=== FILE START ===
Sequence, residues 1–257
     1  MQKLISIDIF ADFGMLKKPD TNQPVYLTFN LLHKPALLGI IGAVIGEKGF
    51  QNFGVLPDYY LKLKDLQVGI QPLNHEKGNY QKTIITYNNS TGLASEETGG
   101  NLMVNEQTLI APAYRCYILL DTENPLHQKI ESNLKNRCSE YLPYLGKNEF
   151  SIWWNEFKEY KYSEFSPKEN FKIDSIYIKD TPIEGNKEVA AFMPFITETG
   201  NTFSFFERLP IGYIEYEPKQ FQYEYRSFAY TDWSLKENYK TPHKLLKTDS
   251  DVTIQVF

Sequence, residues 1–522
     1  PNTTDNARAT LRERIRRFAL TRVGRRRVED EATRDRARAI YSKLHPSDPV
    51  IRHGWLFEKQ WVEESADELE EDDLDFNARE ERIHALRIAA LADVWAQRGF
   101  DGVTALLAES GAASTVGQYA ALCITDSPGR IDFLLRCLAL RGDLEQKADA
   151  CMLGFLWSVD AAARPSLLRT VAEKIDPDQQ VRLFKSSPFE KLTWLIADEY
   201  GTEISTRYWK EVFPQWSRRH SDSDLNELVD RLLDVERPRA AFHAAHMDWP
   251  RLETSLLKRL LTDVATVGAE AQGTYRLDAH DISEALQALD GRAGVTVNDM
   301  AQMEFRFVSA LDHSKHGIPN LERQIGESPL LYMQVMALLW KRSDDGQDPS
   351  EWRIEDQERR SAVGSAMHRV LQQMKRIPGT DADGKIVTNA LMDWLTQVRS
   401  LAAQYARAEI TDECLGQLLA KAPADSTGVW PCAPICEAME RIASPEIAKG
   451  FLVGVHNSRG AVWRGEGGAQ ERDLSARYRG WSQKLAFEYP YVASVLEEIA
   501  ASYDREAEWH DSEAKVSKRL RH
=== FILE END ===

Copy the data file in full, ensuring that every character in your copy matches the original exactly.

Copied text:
Sequence, residues 1–257
     1  MQKLISIDIF ADFGMLKKPD TNQPVYLTFN LLHKPALLGI IGAVIGEKGF
    51  QNFGVLPDYY LKLKDLQVGI QPLNHEKGNY QKTIITYNNS TGLASEETGG
   101  NLMVNEQTLI APAYRCYILL DTENPLHQKI ESNLKNRCSE YLPYLGKNEF
   151  SIWWNEFKEY KYSEFSPKEN FKIDSIYIKD TPIEGNKEVA AFMPFITETG
   201  NTFSFFERLP IGYIEYEPKQ FQYEYRSFAY TDWSLKENYK TPHKLLKTDS
   251  DVTIQVF

Sequence, residues 1–522
     1  PNTTDNARAT LRERIRRFAL TRVGRRRVED EATRDRARAI YSKLHPSDPV
    51  IRHGWLFEKQ WVEESADELE EDDLDFNARE ERIHALRIAA LADVWAQRGF
   101  DGVTALLAES GAASTVGQYA ALCITDSPGR IDFLLRCLAL RGDLEQKADA
   151  CMLGFLWSVD AAARPSLLRT VAEKIDPDQQ VRLFKSSPFE KLTWLIADEY
   201  GTEISTRYWK EVFPQWSRRH SDSDLNELVD RLLDVERPRA AFHAAHMDWP
   251  RLETSLLKRL LTDVATVGAE AQGTYRLDAH DISEALQALD GRAGVTVNDM
   301  AQMEFRFVSA LDHSKHGIPN LERQIGESPL LYMQVMALLW KRSDDGQDPS
   351  EWRIEDQERR SAVGSAMHRV LQQMKRIPGT DADGKIVTNA LMDWLTQVRS
   401  LAAQYARAEI TDECLGQLLA KAPADSTGVW PCAPICEAME RIASPEIAKG
   451  FLVGVHNSRG AVWRGEGGAQ ERDLSARYRG WSQKLAFEYP YVASVLEEIA
   501  ASYDREAEWH DSEAKVSKRL RH